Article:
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Review
, 52 (7), 1439-53

Steroid Modulation of GABAA Receptor-Mediated Transmission in the Hypothalamus: Effects on Reproductive Function

Affiliations
Review

Steroid Modulation of GABAA Receptor-Mediated Transmission in the Hypothalamus: Effects on Reproductive Function

Leslie P Henderson. Neuropharmacology.

Abstract

The hypothalamus, the seat of neuroendocrine control, is exquisitely sensitive to gonadal steroids. For decades it has been known that androgens, estrogens and progestins, acting through nuclear hormone receptors, elicit both organizational and activational effects in the hypothalamus and basal forebrain that are essential for reproductive function. While changes in gene expression mediated by these classical hormone pathways are paramount in governing both sexual differentiation and the neural control of reproduction, it is also clear that steroids impart critical control of neuroendocrine functions through non-genomic mechanisms. Specifically, endogenous neurosteroid derivatives of deoxycorticosterone, progesterone and testosterone, as well and synthetic anabolic androgenic steroids that are self-administered as drugs of abuse, elicit acute effects via allosteric modulation of gamma-aminobutyric acid type A receptors. GABAergic transmission within the hypothalamus and basal forebrain is a key regulator of pubertal onset, the expression of sexual behaviors, pregnancy and parturition. Summarized here are the known actions of steroid modulators on GABAergic transmission within the hypothalamus/basal forebrain, with a focus on the medial preoptic area and the supraoptic/paraventricular nuclei that are known to be central players in the control of reproduction.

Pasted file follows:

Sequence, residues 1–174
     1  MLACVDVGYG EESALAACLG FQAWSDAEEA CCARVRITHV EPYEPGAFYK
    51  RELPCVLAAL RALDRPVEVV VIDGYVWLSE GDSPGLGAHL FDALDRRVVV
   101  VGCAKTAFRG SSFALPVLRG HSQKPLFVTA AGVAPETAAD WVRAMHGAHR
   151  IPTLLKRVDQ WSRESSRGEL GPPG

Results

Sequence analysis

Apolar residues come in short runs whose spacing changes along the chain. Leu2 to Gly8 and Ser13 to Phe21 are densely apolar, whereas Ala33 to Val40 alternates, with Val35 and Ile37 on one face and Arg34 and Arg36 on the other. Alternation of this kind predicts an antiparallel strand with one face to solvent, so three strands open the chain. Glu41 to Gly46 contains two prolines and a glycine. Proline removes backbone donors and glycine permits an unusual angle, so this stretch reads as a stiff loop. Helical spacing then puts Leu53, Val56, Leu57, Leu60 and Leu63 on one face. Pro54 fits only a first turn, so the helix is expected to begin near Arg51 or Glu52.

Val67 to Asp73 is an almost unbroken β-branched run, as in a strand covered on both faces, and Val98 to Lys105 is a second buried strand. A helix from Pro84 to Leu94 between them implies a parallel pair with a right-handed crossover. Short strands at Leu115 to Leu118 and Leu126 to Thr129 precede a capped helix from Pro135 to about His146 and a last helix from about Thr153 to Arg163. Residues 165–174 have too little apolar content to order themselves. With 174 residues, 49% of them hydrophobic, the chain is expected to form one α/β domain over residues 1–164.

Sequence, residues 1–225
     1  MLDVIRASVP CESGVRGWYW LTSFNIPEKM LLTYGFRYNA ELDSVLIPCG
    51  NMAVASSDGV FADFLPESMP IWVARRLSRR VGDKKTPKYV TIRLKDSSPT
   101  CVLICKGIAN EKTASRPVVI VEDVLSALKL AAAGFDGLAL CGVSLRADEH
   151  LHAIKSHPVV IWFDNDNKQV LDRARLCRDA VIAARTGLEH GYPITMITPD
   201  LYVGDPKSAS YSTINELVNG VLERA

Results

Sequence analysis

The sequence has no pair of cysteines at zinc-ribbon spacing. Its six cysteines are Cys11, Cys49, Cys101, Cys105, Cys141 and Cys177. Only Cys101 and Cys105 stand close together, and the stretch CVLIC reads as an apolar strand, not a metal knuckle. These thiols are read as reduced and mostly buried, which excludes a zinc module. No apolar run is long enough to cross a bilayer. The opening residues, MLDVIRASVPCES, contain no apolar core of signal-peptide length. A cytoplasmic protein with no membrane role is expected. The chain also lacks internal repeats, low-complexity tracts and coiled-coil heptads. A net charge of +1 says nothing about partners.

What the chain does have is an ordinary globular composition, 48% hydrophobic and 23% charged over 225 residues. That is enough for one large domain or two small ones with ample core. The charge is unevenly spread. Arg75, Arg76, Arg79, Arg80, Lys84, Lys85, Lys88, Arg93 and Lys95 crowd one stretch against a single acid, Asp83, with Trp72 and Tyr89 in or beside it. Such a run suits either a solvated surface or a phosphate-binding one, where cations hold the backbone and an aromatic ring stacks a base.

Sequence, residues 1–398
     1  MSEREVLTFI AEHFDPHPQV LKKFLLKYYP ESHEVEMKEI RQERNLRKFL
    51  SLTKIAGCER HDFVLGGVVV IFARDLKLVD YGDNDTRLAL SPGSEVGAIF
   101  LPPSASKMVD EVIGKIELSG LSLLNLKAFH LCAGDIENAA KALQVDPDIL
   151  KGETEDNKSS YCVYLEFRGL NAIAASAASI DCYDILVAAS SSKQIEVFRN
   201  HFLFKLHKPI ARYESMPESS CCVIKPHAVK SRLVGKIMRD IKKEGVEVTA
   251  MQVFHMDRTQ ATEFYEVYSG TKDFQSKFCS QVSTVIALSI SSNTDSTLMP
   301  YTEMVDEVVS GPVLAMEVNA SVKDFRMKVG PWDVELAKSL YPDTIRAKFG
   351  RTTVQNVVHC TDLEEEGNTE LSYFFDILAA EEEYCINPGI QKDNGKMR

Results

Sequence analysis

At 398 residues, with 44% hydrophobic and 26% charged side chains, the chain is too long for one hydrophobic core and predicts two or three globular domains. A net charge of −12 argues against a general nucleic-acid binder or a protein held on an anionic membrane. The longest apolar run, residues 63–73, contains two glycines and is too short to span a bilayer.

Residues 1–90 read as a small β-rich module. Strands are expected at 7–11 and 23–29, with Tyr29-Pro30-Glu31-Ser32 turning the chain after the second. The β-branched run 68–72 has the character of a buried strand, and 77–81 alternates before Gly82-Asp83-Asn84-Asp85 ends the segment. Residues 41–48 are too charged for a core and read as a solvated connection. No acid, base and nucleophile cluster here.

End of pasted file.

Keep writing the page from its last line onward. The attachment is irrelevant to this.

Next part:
Figures

Figure 1
Figure 1
Representative steroid modulators of the GABAA receptor for A) the positive neurosteroids: allopregnanolone, b) the negative neurosteroids: pregnenolone sulfate, C) the AAS: 17α-methyltestosterone and D) pheromones: androstenol. Structures are from the ChemIDplus website: http://chem.sis.nlm.nih.gov/chemidplus/.
Figure 2
Figure 2. Anatomical correlates of female reproductive behaviors
Schematic representation of a midline-sagittal section and hypothalamic/basal forebrain or downstream midbrain regions in which GABAergic transmission facilitates (green) or antagonize (red) lordosis in rodents. mPOA: medial preoptic nucleus, VMN: ventromedial nucleus of the hypothalamus, VTA: ventral tegmental area, MCG: midbrain central gray; cc: corpus callosum.
Figure 3
Figure 3
(A) Levels of ε subunit mRNA in the mPOA as assessed by standard semi-quantitative RT-PCR. Data are normalized to values from adult, gonadally-intact C57Bl/6 males (100%). (B) Percent potentiation in average peak current (Ipeak) over control elicited by 3α-diol.
Figure 4
Figure 4
A) Representative micrograph of an acutely isolated slice from a female mouse at the level of the mPOA and a patch electrode. B) Micrograph of the mPOA processed for synaptophysin immunocytochemistry (red) from the transgenic line of mice in which GFP is expressed in GnRH neurons (green) amidst a number of non-GnRH cell bodies (black). Mice were kindly provided by Dr. Sue Moenter (University of Virginia). C) Representative sIPSCs recorded from an identified GFP-GnRH neuron demonstrating reversible potentiation (left) and inhibition (right) of peak current amplitude by 1 μM 17α-MeT. D) Representative whole-cell currents recorded in the absence of GABA from an acutely dissociated GFP-GnRH neuron. Left: current arising from spontaneously active GABAA receptors. No exogenous GABA was applied; spontaneous current is antagonized by the noncompetitive GABAA receptor antagonist, picrotoxin. Right: spontaneous current from the same GFP-GnRH neuron demonstrating reversible inhibition by a maximally effective (10 μM) concentration of 17α-MeT. V3: Third Ventricle. Data are courtesy of Dr. Carlos Penatti, Dr. Brian Jones and Ms. Sandra Pahl.

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